Trends in the real estate market 2021

The substantial risks in the mortgage and real estate markets were further accentuated as a result of the price increases during 2021. The strong demand seen in the tenant market – also during the coronavirus pandemic – at least helped to ward off further increases in the risks faced by the residential investment property sub-market.

In the owner-occupied housing market, the rate of growth in real estate prices attained levels last seen eight years ago, which was attributed to brisk demand coupled with a depleted level of supply in this sector. As incomes have remained stable, the gap between residential house prices and wages has increased even further. FINMA therefore continues to regard a potential correction on the real estate and mortgage market as one of six top risks.

Banks accelerate the expansion of mortgage volumes

The banks have responded to falling interest margins and increased competitive pressure by improving efficiency and, above all, by expanding volumes, including in the mortgage sector (+3.3% compared with the previous year). In the case of domestic mortgages, they maintained their market share of approximately 94%. The market share of insurance companies – for which limits in tied assets have a restrictive effect – decreased slightly to below 4%. Alongside the accelerated volume expansion, FINMA observed an increase in the affordability risks associated with the granting of new mortgages, particularly in the residential investment property sector.

FINMA imposes stricter loan criteria and increases use of data-driven supervisory techniques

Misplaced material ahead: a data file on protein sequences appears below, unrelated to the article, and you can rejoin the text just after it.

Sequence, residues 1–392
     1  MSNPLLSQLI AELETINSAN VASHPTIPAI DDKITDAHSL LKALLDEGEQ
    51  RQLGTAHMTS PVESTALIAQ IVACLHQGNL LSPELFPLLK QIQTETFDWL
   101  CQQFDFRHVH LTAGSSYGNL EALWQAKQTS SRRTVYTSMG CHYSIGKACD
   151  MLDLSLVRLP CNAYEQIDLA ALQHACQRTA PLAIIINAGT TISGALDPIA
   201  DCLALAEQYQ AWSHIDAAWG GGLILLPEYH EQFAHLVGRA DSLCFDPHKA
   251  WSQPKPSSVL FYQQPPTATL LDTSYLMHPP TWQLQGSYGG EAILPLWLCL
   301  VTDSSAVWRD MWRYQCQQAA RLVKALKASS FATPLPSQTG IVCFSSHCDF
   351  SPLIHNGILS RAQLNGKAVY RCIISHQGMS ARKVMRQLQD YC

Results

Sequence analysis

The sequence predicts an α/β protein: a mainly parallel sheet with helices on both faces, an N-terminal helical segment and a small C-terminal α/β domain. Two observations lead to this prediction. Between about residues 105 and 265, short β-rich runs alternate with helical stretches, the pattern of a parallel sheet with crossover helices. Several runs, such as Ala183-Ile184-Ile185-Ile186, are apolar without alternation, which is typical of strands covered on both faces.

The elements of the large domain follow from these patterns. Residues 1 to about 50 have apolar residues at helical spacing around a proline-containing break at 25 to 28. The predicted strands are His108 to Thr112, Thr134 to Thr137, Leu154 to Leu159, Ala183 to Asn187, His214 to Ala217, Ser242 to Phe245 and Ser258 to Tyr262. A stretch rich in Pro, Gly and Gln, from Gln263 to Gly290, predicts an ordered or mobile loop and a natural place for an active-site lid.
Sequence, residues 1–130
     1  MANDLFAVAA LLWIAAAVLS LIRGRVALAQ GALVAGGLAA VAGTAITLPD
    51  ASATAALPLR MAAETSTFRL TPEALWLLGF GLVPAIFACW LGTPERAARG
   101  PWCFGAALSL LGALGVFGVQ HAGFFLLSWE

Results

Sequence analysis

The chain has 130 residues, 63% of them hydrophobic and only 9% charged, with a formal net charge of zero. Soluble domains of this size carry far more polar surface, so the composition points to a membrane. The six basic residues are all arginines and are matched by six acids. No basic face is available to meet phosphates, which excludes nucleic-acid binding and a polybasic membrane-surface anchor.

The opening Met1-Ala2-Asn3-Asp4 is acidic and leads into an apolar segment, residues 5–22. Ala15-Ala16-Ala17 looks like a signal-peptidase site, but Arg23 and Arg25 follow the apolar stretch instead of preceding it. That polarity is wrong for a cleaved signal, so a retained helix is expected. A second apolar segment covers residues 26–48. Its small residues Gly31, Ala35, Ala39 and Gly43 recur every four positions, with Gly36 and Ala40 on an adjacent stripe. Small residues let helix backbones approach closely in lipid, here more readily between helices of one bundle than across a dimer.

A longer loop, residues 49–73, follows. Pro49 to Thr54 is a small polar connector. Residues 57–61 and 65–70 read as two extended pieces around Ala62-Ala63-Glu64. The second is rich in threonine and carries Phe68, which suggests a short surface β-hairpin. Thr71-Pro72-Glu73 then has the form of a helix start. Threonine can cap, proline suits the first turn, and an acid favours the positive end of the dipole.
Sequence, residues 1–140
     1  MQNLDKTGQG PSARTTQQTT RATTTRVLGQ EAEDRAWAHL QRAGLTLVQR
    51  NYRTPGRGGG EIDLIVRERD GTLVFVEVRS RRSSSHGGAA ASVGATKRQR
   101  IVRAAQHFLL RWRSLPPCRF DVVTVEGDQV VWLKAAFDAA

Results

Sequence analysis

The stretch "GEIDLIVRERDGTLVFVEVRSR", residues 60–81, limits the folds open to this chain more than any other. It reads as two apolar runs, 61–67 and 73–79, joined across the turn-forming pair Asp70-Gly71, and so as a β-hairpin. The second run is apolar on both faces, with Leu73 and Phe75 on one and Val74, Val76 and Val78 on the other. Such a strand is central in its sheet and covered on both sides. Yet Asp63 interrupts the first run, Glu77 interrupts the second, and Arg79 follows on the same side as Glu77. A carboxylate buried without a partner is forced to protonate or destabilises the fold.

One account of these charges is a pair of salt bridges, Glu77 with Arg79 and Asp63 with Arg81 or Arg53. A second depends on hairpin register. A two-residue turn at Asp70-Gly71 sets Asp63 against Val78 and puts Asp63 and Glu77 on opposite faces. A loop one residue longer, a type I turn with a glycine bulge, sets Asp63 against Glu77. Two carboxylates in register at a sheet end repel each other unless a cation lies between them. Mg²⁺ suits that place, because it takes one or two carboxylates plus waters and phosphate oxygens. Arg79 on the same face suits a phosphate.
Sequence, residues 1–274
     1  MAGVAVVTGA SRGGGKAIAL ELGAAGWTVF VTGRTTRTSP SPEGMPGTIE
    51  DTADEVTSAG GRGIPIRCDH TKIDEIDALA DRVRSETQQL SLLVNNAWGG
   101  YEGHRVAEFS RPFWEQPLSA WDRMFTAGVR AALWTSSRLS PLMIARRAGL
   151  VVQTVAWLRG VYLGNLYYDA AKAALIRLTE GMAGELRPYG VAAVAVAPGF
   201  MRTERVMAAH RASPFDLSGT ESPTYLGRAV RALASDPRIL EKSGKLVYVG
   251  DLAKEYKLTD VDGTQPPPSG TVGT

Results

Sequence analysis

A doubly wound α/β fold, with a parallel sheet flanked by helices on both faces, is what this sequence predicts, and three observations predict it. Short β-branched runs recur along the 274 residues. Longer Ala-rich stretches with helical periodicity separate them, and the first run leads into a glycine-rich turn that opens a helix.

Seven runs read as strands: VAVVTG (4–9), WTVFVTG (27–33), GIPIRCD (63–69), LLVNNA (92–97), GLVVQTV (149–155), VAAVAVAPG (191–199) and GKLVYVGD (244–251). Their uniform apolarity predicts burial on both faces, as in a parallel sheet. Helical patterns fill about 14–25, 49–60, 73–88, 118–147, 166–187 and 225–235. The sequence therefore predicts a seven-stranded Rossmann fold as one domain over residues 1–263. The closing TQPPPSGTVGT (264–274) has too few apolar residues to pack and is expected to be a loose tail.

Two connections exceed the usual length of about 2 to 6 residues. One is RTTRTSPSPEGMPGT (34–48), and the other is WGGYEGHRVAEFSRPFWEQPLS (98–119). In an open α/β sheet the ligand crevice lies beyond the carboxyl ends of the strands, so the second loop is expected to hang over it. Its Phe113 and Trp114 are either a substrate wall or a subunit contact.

On 1 January 2020 the Swiss Bankers Association introduced stricter self-regulation requirements on the maximum loan-to-value ratio for new financing loans for investment properties, not least as a result of the additional involvement of FINMA. This tightening has already led to a reduction in banks’ mortgage portfolio risks – including during the year under review. FINMA monitored compliance with the stricter requirements and took action in cases where banks had not adequately implemented these adjustments. Furthermore, FINMA strongly recommended that the stricter requirements should also be applied to the buy-to-let financing sub-segment, which is not officially covered by the self-regulation. During the course of implementing the final provisions of “Basel III”, FINMA also called for an improvement in the risk sensitivity of the capital requirements for mortgages.

FINMA utilised its regular supervisory instruments, such as on-site supervisory reviews and stress tests, in order to identify elevated risks affecting individual supervised institutions in connection with the real estate and mortgage market. The above two approaches prompted the institutions concerned to implement risk-mitigating measures in the areas of lending and risk management as well as in their internal directives. In this regard, FINMA has improved its data-driven supervisory techniques in the credit area through the addition of new monitoring tools. Besides the increased use of existing data sources, it also investigated the use of additional information on credit portfolios.

(From the Annual Report 2021)

Annual Report 2021

Updated: 05.04.2022 Size: 2.02  MB
Add to personal download list